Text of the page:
Cast of Characters:
- AMANDA KITCHELL, former slave
- Alfred Chavers, Amanda's husband
- J. T. Leach, one-time owner of Amanda
- J. T. Leach, son of J. T. Leach
- Malcom McCullom, slave catcher and last owner of Amanda
Mrs. B. F. Sargent, of Alton, who witnessed the trial, or a part of it, favors the writer with such incidents thereof as she saw or heard. Mrs. Sargent is the last survivor of her generation, of a family that has been prominent in the growth and development of Alton during the past seventy-five years. Her maiden name was Miss Susan Phinney, and her brother, the late Mr. Charles Phinney, was actively engaged in the mercantile business in Alton from 1838 until his death in 1904, a period of sixty-six years. She is doubtless the only survivor of those who participated in or witnessed the trial. And now in a serene old age with mental faculties unimpaired, she recalls with interest the early days of Alton. At the time of the trial she was at the residence of her sister, Mrs. E. L. Dimmock on Second street, which was separated from the office by a narrow vacant lot. The windows were open and she saw the proceedings and heard something of what passed.
The woman and her friends were grouped on one side of the room, and the slave catcher and his assistants on the other. Hon. George T. Brown, then a young attorney, appeared for the defense. Judge Davis sat at his desk which was piled high with legal authorities he had been consulting. The prosecuting and defendant lawyers presented their cases, and when the arguments were concluded the judge rendered his decision in favor of the prosecutor, remarking in addition: "It is the law this is my duty under the law." All his sympathies were with the woman and he gave the decision reluctantly, but it was in accordance with the law and his duty under his oath of office.
Mrs. Sargent recalls the face of the slave catcher as a repulsive one. When he saw how much sympathy there was for the woman and that an effort would be made to purchase her release he kept raising the price of her redemption until it reached the some of $1,200. All classes of citizens, white and colored, joined in raising the sum necessary. Chavers, mortgaged the little home owned by himself and his mother, and other colored men helped to the best of their ability. Mrs. C. W. Hunter, wife of Major Hunter, personally circulated a subscription list. Some of the Abolitionists, Mrs. Sargent says, were reluctant to subscribe for the reason that they did not believe in the purchase or sale of human beings, but, in this case, their sympathies overcame their scruples and they subscribed liberally.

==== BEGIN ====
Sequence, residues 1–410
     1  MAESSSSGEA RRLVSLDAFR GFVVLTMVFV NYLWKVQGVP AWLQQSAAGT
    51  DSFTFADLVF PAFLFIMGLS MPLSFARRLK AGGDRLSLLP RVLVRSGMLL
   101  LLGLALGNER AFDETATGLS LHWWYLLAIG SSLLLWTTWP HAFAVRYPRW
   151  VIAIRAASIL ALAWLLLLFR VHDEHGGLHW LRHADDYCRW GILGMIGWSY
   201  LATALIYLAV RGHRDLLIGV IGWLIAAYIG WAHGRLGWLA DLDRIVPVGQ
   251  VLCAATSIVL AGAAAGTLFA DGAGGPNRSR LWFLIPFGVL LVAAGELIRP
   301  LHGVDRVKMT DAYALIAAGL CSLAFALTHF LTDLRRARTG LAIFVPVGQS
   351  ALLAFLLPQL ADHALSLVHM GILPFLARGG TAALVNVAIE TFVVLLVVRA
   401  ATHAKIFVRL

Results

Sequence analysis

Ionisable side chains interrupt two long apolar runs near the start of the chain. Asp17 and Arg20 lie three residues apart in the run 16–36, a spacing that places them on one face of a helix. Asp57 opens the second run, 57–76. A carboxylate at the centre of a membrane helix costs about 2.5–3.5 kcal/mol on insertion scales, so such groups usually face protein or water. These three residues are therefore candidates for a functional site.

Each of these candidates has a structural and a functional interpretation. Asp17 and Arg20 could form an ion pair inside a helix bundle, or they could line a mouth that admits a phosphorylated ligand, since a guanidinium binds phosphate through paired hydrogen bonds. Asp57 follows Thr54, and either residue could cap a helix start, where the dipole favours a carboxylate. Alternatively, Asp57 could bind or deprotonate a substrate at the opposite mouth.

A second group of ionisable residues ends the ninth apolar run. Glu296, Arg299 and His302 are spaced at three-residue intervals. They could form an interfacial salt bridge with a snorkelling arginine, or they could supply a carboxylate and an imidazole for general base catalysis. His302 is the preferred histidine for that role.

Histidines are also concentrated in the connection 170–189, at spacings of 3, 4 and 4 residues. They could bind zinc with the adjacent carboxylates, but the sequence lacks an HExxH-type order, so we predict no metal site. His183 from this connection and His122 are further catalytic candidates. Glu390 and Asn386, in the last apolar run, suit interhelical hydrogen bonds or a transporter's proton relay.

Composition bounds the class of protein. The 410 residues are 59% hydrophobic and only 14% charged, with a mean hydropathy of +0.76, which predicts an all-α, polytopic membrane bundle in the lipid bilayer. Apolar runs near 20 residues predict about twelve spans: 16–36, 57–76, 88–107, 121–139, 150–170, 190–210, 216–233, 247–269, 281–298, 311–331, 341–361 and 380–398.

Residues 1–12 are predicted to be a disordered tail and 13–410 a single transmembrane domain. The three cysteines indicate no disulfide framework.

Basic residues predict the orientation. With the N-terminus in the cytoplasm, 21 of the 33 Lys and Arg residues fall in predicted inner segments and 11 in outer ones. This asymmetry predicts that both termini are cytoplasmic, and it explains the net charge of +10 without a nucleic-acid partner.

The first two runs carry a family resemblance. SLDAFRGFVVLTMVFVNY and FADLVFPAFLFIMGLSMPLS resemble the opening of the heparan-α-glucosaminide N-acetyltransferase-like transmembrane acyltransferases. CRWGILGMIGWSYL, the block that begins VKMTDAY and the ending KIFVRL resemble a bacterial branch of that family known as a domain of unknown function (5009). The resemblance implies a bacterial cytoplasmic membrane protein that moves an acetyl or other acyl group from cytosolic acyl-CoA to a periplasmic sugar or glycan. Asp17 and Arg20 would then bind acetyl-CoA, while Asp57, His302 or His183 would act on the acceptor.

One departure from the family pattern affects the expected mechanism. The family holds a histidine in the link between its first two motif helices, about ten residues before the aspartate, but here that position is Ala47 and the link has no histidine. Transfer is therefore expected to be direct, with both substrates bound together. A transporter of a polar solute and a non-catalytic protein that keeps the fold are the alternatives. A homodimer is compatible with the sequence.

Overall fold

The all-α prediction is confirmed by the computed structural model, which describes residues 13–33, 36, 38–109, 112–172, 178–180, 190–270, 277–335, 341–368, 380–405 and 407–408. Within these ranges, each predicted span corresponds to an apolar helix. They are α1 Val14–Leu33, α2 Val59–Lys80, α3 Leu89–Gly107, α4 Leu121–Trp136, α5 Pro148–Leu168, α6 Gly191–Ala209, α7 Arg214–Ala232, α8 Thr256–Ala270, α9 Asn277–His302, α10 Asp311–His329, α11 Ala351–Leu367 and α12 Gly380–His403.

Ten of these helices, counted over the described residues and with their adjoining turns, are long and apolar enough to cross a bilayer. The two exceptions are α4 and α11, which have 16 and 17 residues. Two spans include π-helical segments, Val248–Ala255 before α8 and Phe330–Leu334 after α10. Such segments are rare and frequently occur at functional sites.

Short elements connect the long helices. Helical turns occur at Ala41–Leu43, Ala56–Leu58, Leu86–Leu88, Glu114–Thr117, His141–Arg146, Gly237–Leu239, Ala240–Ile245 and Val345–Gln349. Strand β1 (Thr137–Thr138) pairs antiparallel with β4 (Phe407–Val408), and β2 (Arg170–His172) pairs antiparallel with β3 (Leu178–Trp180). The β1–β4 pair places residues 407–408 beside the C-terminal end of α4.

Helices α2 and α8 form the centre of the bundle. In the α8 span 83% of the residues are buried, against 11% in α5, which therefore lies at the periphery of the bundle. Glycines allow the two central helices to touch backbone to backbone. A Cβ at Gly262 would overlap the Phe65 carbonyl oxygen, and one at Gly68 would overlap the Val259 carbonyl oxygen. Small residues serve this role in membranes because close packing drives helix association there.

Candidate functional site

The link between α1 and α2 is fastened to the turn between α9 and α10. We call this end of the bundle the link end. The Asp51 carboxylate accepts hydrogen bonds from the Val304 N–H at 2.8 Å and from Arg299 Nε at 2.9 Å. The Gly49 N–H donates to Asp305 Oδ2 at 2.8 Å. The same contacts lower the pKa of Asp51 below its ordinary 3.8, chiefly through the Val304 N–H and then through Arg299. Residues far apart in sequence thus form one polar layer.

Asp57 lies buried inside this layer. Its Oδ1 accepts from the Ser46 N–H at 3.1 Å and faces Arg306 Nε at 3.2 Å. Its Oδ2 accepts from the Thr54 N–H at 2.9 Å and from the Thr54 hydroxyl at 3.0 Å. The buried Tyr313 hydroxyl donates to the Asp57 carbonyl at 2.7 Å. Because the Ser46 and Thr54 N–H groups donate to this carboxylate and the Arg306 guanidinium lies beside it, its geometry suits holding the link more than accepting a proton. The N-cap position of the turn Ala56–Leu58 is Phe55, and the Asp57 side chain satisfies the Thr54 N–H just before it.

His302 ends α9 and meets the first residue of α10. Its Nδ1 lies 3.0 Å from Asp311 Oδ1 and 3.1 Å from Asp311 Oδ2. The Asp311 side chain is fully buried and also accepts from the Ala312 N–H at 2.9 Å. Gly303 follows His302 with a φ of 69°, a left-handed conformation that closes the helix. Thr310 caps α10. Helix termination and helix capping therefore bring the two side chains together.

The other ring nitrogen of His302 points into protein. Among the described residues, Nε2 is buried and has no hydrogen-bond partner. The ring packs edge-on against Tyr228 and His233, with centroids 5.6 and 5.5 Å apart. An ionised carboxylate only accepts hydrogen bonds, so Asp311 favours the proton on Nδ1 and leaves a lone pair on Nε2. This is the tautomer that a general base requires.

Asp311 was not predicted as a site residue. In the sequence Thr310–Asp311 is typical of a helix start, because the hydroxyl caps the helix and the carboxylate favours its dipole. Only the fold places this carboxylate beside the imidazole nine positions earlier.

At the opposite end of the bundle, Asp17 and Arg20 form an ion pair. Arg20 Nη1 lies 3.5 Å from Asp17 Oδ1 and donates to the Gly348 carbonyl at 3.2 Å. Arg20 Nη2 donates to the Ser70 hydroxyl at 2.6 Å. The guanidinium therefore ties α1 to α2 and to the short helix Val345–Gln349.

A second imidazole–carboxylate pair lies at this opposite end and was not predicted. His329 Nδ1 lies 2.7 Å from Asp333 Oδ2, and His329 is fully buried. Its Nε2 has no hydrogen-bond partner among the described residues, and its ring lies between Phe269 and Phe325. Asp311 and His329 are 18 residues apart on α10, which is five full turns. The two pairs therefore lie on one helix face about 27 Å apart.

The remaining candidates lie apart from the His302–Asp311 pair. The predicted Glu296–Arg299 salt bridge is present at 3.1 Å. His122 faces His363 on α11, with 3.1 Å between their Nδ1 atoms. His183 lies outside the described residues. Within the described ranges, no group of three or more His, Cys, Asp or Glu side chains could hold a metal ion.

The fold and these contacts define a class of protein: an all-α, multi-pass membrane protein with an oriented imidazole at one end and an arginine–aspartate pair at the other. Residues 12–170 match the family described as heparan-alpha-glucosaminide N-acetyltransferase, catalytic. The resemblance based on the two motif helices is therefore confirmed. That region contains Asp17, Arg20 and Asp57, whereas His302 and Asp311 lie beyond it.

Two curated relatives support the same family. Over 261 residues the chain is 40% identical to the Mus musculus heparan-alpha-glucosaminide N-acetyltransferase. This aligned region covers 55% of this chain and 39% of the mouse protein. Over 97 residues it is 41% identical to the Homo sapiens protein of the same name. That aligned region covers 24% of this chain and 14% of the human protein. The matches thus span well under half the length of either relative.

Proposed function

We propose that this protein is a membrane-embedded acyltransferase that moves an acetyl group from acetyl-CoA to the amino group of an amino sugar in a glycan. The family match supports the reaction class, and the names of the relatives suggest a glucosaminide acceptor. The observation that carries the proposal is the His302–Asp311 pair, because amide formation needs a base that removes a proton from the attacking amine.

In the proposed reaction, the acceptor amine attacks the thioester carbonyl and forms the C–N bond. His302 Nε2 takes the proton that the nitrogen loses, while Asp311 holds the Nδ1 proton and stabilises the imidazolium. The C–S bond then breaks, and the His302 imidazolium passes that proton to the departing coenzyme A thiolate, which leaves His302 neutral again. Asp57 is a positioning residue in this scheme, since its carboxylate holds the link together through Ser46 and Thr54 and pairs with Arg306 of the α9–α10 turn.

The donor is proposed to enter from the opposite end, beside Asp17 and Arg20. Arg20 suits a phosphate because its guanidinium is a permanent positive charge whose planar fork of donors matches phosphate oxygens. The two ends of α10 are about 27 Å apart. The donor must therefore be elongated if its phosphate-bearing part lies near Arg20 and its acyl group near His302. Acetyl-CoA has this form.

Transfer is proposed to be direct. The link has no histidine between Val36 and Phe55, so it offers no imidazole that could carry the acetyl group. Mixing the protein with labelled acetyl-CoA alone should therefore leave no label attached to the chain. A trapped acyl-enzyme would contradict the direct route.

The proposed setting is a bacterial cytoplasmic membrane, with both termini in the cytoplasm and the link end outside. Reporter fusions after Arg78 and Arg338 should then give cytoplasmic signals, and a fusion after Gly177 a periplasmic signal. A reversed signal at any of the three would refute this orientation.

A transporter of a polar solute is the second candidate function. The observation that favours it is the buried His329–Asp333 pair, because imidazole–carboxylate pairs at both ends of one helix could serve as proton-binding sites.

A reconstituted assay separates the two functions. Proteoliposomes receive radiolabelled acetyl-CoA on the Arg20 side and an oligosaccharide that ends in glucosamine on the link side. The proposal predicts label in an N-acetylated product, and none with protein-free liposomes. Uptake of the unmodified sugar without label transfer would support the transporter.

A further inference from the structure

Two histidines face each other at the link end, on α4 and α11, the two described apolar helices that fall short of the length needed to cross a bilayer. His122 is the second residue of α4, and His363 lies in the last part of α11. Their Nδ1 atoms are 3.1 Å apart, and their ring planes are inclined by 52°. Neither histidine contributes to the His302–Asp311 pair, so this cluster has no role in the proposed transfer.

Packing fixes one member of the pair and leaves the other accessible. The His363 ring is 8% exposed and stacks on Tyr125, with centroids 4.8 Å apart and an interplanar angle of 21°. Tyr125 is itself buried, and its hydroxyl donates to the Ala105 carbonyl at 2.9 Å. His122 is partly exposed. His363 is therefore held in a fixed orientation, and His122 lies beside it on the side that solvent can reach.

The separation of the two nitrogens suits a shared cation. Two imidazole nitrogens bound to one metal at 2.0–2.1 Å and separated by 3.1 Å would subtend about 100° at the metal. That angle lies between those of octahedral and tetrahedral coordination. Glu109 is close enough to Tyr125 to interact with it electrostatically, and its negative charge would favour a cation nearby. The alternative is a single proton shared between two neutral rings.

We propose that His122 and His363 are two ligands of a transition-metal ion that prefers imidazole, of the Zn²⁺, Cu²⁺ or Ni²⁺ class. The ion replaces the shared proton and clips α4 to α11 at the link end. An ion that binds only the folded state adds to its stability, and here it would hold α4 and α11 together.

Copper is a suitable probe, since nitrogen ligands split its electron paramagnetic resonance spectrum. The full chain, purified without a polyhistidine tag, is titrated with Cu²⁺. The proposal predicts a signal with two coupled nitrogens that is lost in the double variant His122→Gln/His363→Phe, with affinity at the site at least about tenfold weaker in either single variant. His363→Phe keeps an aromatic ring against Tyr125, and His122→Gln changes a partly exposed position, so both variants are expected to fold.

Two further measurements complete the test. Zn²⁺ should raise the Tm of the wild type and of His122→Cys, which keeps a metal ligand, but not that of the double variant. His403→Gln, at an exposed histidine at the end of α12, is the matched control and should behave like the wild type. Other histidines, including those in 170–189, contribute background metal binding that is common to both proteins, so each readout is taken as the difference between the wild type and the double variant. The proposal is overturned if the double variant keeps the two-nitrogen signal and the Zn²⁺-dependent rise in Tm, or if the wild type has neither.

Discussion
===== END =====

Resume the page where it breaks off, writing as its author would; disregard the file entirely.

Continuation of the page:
A notable change in public sentiment is here exhibited, sixteen years previous to this incident Lovejoy had been slain in Alton by a proslavery mob, for advocating the freedom of the slave; but later, when the horrors of slavery are brought to their doors, we find the citizens uniting in raising a large sum to purchase liberty for a slave. Thus was Lovejoy's sacrifice vindicated in the place of his martyrdom.
|Wood engraving of pro-slavery mob killing Abolitionist Lovejoy; image|
courtesy of Wikipedia
Judge Resigns in Disgust
Judge Davis felt the affair so keenly, when the inequity of the slave law was thus brought home to him for the first time, that he indignantly resigned this office of commissioner, refusing longer to hold a position where he could be made a party to the enforcement of a law so obviously opposed to morality and humanity. Judge Davis was for many years one of Madison county's most distinguished lawyers and was held in universal esteem. He was a native of Cecil county, Maryland, and was born in 1808 of an old Revolutionary family. He came to Illinois prior to 1830, in company with David Davis afterwards of the U.S. Supreme Court. He located near Vandalia, in 1835, was elected state auditor by the legislature and served two terms. When the state capitol was located at Springfield, he removed to that city, and came to Alton in 1846. He was prominent in public affairs and was a friend of Lincoln, Douglas, Trumbull, and other great men of the day. He was a man of the highest integrity and of spotless character. In his young manhood he was a soldier in the Black Hawk war of 1832 and his three sons, Capt. James W. Davis, Surgeon Charles Davis and Lieut. Levi Davis, Jr., served with honor in the Civil war as officers in the Ninety-Seventh Illinois. Judge Davis died at the residence of his son, Dr. Davis, March 3, 1897, at the ripe age of eighty-nine.
The Principals' After Life
A word as to the Chavers family: The husband Alfred Chavers, "ran on the river" and, some two years after this incident lost his life in a disaster on a steamboat plying between St. Louis and New Orleans. After his death his wife removed to a town in Southern Illinois where she had relatives, and nothing more seems to have been known of her in Alton. The couple left no children.
Fugitive Slave: Freedom, Capture and Redemption (Part I)
The Killing of Abolitionist Lovejoy
Slave Name Roll Project